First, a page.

Re: Linux kernel complete licence check, Q.0 - Q.10
Scripsit Giacomo Catenazzi <email@example.com>
> Q.1: No copyright, no author name, no license notice!
> [Frequent in "Makefile", header files and simple source files]
> The licence will be the license in COPYING at the main dir?
> thus default GNU GPL and only GPL version 2, right?
I believe we can trust that Linus & his lieutenants have made sure
that such files are indeed covered by the general license statement
for the kernel as a whole.
> Q.2: No licence notice, but a copyright notice or an author name,...
> the same as above?
> Q.3: License but no copyright/author name, the license is still valid?
> Q.4: In the code I find the macro (i.e. in
> : MODULE_LICENSE("GPL");
> but no more GPL references.
> GNU GPL code? But this time according paragraph 9, valid with all
> versions of GPL?
I'm not sure that deflate_syms.c is even copyright-protected. But if
it is, it is probably safe to interpret the MODULE_LICENSE macro as
a statement that it is licensed under GPL terms. It wouldn't hurt to
have it appear more verbosely in the file-header comment, though.
> In linux kernel can we intepret always the string "GPL" as GNU GPL?
Yes, I'd say that is a safe interpretation.
> All GPL version are valid for license b), according GPL v.2 par. 9?
GPL#9 does state that "If the Program does not specify a version number of
this License, you may choose any version ever published by the Free Software
Foundation." However, I think that in the case of kernel sources that
is superseded by the explicit clarification at the top of the master
> : /* inflate.c -- Not copyrighted 1992 by Mark Adler
> : version c10p1, 10 January 1993 */
> "Not copyrighted" == public domain?
In practise, yes. In theory, "not copyrighted" is nonsense as
"copyright" is not a verb, nor an action that someone applies to the
code. A court would try to interpret what the author *meant* by his
nonsensical statement and probably arrive at "I unconditionally waive
my copyright for this code, to the greatest extent possible by law".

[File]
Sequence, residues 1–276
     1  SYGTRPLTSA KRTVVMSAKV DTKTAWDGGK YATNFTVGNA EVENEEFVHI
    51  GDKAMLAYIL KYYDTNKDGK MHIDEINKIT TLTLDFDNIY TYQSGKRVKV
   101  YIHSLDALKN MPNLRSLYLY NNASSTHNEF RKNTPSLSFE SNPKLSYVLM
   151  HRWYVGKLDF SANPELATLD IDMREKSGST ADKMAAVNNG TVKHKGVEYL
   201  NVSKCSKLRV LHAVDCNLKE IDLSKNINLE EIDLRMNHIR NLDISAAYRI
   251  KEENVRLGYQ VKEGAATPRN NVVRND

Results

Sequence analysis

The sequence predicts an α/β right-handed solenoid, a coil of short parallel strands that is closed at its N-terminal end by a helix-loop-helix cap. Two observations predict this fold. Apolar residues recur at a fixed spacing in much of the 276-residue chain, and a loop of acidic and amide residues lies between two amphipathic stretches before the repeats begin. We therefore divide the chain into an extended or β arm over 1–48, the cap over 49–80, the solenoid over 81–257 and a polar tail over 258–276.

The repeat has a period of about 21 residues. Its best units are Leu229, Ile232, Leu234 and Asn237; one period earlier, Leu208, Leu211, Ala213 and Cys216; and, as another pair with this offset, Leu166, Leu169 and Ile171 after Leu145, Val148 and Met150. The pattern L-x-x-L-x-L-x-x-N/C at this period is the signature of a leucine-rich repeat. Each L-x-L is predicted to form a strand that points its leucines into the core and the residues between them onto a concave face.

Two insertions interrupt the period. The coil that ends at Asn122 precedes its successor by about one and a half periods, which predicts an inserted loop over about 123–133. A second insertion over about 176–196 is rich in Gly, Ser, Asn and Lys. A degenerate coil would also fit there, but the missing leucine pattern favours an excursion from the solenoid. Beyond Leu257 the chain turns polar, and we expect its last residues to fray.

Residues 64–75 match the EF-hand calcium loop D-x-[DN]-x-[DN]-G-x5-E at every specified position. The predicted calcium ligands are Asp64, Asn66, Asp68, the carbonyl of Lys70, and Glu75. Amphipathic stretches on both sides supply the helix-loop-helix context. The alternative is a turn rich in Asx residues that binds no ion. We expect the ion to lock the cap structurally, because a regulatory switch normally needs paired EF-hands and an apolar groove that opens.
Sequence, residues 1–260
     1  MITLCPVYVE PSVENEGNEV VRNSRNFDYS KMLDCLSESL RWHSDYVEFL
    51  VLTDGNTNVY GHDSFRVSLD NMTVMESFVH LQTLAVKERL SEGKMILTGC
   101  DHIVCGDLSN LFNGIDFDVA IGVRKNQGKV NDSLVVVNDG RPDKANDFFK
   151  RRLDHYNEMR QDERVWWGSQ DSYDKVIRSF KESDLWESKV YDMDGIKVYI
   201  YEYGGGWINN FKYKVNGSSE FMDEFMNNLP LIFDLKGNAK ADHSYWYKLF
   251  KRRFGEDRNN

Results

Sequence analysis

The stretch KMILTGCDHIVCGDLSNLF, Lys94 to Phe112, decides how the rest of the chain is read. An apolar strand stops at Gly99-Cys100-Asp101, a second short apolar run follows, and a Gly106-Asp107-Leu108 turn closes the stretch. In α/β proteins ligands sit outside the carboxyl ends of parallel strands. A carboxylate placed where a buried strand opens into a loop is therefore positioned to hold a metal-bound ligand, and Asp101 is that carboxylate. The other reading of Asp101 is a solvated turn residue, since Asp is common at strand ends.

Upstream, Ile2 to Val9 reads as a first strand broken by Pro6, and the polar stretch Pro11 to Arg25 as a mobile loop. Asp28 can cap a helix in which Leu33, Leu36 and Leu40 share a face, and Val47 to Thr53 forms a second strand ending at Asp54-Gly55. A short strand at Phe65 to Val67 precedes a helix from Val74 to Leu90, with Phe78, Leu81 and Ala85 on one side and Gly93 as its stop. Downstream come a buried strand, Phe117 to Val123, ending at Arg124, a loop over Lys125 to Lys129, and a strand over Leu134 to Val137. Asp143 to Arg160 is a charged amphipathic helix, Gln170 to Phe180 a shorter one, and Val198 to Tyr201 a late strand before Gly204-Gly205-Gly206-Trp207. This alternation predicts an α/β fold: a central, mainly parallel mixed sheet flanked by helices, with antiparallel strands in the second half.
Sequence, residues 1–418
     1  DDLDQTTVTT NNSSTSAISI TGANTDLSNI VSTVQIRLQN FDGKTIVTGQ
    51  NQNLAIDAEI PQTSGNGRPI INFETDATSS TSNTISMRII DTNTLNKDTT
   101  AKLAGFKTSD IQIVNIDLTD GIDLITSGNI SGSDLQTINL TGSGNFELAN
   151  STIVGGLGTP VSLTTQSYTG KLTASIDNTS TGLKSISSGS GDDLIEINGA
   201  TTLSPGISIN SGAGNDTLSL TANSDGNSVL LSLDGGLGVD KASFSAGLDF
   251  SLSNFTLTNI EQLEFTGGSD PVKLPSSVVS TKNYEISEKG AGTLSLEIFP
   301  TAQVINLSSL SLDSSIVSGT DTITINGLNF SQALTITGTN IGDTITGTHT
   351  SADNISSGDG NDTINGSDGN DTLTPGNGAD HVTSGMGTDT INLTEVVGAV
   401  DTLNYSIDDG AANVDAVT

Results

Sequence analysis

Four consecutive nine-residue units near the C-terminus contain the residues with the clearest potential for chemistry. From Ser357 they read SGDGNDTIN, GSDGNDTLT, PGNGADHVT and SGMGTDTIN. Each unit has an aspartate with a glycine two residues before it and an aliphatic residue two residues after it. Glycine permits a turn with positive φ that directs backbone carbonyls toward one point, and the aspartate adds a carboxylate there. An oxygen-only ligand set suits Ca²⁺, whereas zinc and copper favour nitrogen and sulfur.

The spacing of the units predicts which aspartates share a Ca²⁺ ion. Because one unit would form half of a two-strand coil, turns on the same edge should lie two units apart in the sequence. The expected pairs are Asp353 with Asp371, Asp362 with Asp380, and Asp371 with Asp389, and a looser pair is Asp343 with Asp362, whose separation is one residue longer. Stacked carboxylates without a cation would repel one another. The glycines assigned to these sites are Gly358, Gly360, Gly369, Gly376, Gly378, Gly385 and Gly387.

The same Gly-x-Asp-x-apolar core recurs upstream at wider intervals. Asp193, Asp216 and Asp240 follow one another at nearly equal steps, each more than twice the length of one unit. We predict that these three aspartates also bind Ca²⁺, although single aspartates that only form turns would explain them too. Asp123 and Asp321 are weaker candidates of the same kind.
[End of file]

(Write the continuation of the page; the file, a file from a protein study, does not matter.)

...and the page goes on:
This is as good as "public domain" for our purposes.
> * linux/fs/nls_cp1250.c
> * Charset cp1250 translation tables.
> * Generated automatically from the Unicode and charset
> * tables from the Unicode Organization (www.unicode.org).
> * The Unicode to charset table has only exact mappings.
> Generated, but:
> a- no original sources, AFAIK
> b- I don't know the tools (no tools, no references in kernel)
I think the questions we must ask ourselves is: If the person who
generated the sources had keep it secret that they were generated
rather than handwritten, would we perceive a problem at all? I'd say
no - the generation notice is just the author's way of saying "this is
why I feel confident that my data do not deviate from those at
If someone wanted to hack linux to do other charset translations, it
would probably be just as easy to hack the .c sources themselves than
to learn the (possibly somewhat ad hoc and undocumented) original
source for the conversion.
> This file is part of the GNU C Library.
> Contributed by Paul Eggert (firstname.lastname@example.org).
> The GNU C Library is free software; you can redistribute it and/or
> modify it under the terms of the GNU Library General Public License as
> linux kernel is not "GNU C Library". There are license problems because
> the text is "GNU C Library is ..."
I don't see a problem here. The relevant information is that everyone
who has a copyright on the file's content have agreed to it being
licensed under the GPL. That includes agreeing to it going into Linux.
> * Copyright (C) 1995-1997 Paul H. Hargrove
> * This file may be distributed under the terms of the GNU General
> Public License.
> * The code in this file is derived from code which is copyright
> * 1986, 1989, 1990 by Abacus Research and Development, Inc. (ARDI)
> * It is used here by the permission of ARDI's president Cliff Matthews.
> All the derived code is is GPL? It seems that original code was not GPL.
Yes, but it seems that the copyright holder for the original code has
explicitly allowed the derivate to be licensed under GPL, which is
Henning Makholm "*Vi vil ha wienerbrød!*"